# Multiple Imputations for Missing Data – uh, maybe

**(Or: Why a computer will not be replacing me any time soon)**

*[Originally, the second half of this was supposed to be an explanation of the real use of multiple imputation which is in estimating parameters but then my daughter came to pick me up early and I got the flu so I am now finishing the second half as a separate post and pouting that John Johnson goes on Santa’s nice list for saying it faster and shorter than me. However, since I was in the middle of writing it, I am going to do it as the next post anyway!]*

I am a little hesitant to do multiple imputations or really substitutions for missing data of any type. I go through life with the “call a spade a spade” philosophy and what we are doing here is making up data where none exists. However, there is a difference in the quality of data one can make up. For example, if I asked my little granddaughter,

*“What is your best estimate of the average number of clients the Arcadia branch served on Tuesday, January 19th, 2003?” *

Her most likely estimate would be,

*“Elmo!”*

If I put the same into SAS (or SPSS) it would be the equivalent of asking, since I do, contrary to appearances, know what I am doing,

*“Given that the 19th was a Tuesday, in the first quarter of the year and we have data on the Arcadia branch for every other day in January and for the last seven years, they are in an urban area over 3 million in population, what’s the best estimate of the number they served?”*

If I were to do this, I would include something like:

PROC MI DATA= in.banks OUT = banksmi ;

VAR qtr weekday urban branch customer ;

I might still get an answer that makes only a little more sense than , “Elmo!”, say -5 or 146.783 . Well, I really doubt that negative five customers came to the bank that day. What would a negative number of customers, be, anyway, bank robbers who withdrew money they did not put in?

You need to apply some constraints, which PROC MI lets you do. Here is an example of something I actually did today:

PROC MI DATA = fix2 OUT =fixmi MINIMUM = 0 ROUND = 1 .01 .01 .01 1 1 1 1 1 ;

VAR ACD_Calls A_speed A_time ab_time aban_calls qtr t_day year weekday skill_name ;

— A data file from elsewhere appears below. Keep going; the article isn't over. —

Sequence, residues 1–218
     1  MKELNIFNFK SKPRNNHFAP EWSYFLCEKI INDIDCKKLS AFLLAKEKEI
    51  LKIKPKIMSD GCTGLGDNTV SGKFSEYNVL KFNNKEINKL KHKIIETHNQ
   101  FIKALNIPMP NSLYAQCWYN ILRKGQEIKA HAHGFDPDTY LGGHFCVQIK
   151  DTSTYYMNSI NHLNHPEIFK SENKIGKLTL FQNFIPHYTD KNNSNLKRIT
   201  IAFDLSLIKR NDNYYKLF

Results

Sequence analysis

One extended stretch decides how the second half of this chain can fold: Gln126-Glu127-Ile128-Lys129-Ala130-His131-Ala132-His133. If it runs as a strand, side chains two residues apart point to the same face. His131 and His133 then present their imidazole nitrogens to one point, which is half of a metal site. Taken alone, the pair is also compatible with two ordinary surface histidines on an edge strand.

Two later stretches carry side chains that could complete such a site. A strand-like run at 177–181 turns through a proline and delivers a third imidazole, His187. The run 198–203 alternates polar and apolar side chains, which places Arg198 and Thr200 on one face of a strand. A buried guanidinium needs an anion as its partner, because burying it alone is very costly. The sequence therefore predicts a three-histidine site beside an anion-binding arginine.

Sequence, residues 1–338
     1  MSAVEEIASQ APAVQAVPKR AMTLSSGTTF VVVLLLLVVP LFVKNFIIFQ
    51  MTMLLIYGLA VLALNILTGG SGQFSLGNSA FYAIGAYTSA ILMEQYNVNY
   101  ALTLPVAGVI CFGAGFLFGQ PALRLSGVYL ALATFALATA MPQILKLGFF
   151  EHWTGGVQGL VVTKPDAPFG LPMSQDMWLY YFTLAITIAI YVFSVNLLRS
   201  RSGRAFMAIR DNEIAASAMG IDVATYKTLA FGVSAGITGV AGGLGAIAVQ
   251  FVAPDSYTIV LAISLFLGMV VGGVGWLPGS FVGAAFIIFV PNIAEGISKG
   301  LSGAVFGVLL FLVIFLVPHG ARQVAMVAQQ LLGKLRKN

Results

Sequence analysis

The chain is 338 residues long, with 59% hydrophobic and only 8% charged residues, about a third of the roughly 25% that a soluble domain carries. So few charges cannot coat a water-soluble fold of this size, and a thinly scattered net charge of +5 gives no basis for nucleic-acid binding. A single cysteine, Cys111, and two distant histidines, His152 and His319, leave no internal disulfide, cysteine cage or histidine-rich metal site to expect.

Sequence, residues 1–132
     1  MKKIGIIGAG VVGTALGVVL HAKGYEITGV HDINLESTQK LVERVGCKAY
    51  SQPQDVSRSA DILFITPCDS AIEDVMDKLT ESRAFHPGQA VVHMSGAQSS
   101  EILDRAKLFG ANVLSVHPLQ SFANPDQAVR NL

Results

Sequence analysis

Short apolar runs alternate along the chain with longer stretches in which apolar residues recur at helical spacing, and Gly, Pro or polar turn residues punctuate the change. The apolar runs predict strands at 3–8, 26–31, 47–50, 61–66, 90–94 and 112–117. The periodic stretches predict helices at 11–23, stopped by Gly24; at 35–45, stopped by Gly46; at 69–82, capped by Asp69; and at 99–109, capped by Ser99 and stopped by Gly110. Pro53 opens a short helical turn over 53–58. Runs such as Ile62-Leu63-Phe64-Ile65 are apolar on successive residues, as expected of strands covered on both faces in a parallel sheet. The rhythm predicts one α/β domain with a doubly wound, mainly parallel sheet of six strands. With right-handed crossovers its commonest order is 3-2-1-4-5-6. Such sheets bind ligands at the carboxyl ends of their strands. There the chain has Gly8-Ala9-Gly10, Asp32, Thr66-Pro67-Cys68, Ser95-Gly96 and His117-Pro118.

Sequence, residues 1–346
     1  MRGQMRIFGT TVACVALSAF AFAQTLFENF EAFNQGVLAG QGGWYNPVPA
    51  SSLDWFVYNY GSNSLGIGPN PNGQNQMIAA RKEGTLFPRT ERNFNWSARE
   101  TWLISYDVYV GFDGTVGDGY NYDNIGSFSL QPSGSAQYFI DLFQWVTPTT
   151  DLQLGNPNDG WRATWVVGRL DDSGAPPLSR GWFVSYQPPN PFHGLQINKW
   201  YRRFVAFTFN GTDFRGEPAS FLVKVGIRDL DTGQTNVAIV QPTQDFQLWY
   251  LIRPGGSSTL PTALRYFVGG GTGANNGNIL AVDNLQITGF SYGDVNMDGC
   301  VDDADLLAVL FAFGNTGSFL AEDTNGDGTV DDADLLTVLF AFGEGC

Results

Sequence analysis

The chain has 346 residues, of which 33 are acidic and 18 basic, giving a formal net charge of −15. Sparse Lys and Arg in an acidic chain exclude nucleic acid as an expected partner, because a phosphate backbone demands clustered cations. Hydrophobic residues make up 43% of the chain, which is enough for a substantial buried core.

The MINIMUM = sets the minimum for all variables to be zero, since we can’t have a negative number of callers and negative time is one of those concepts that was probably covered in philosophy and other types of courses I did my best to weasel out of through one undergraduate and three graduate programs. The ROUND = sets the number of callers to be rounded to 1, the time for speed of answering and length of call and the time people wait before hanging up (less than 11 seconds) to be rounded to .01 and everything else to be rounded to 1.

SPSS also offers multiple imputation as part of its missing values add-on. If you have it installed, you select from the **Analyze** menu **Multiple Imputation** and then **Impute Missing Data Values**. At this point a window pops up letting you select the variables and giving you the option to writing the output to a new dataset.

You can also click on the **Constraints** tab at the top and another window pops up which allows you to set constraints such as a minimum, maximum and rounding.

All of the stuff you can do with windows and the pointing and clicking you can do with SPSS syntax also but I have found that most people prefer to use SPSS precisely because they DON’T want to do the syntax business. [Note that I said “most” so if you are one of those other people there is no point in being snippy about it just because you are in the minority. Try being a Latina grandmother statistician for a while and you’ll know what a minority feels like.]